If anything, the uncertainty about the flow of fancy goods appears to have whetted the appetites of some privileged North Koreans — whose impoverished country cultivates a Spartan socialist image.

In Dandong, North Koreans, many wearing lapel pins with a picture of North Korea’s founding dictator, Kim Il Sung, stroll through hotels and department stores. Signs are often written in Korean, with storekeepers advertising computers, karaoke machines and the erectile-dysfunction drugs Viagra and Cialis.

A few North Koreans have bought new cars at a Toyota dealership near the Dandong customs checkpoint, according to a salesman. One man paid about $50,000 in cash for a luxury sedan.

Gold is also gaining a following. Wang Xiaoju, a saleswoman at the jewelry counter at Xin Yi Bai Department Store, says North Korean women come in nearly every day, mostly to buy gold chains and other gold jewelry.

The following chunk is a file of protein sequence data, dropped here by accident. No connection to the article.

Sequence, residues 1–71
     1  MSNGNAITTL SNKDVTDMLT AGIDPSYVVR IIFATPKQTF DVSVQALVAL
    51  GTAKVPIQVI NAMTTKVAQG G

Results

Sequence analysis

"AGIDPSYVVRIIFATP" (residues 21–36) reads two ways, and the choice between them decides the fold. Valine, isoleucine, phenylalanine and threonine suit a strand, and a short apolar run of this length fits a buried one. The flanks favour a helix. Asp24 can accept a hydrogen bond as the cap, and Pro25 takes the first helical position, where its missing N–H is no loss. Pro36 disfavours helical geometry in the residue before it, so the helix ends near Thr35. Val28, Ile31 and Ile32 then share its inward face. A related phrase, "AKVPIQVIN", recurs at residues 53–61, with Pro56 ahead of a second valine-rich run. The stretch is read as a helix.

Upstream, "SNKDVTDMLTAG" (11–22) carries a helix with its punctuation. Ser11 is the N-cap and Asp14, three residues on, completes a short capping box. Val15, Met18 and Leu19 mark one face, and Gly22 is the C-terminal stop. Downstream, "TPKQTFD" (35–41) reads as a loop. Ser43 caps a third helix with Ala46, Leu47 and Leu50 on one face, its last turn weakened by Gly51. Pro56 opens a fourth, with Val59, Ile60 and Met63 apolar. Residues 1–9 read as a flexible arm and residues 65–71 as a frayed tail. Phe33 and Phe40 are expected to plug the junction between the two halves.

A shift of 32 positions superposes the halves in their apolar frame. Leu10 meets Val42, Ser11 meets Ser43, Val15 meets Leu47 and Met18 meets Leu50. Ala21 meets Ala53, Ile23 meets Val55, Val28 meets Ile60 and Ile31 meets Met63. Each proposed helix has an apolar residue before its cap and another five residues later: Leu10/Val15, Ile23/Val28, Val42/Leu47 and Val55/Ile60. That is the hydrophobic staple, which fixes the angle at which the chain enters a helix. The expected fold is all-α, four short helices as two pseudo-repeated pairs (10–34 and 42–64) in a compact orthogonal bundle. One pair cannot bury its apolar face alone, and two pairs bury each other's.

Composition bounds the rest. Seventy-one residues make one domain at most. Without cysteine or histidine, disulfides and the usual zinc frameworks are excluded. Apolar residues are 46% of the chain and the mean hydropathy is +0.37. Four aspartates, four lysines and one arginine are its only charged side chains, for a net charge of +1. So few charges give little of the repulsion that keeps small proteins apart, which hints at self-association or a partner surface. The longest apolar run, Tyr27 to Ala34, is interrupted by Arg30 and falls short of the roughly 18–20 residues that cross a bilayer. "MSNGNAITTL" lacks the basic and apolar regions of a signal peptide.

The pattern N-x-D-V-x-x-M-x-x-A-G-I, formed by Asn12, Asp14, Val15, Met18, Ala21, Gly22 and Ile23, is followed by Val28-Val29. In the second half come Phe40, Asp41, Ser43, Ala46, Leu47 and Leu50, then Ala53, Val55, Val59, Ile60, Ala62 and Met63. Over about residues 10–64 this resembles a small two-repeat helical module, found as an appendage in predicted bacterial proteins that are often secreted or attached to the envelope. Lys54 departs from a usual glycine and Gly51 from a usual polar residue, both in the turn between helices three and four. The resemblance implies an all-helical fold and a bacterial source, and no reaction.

Women from the North also are frequent visitors to a riverfront spa, favoring milk baths and massages, according to staff there. A saleswoman at the Xin Yi Bai L’Oreal counter says North Koreans are regular customers. Among the big sellers: body sculpting cream for women who want to look thinner.

In the first 10 months of this year, Chinese exports of fur coats and fake furs to North Korea soared more than sevenfold from the year-earlier period, according to Chinese Customs figures. Exports of televisions and other consumer electronics were up 77%, while perfumes and cosmetics were up 10%.

Some North Koreans are even buying real estate in Dandong. One high-rise building, where three bedroom apartments go for nearly $100,000 each, has sweeping views of a decrepit North Korean village with crumbling cinder-block houses across the border. A North Korean buyer recently purchased one of the units with cash, according to the building’s sales agent.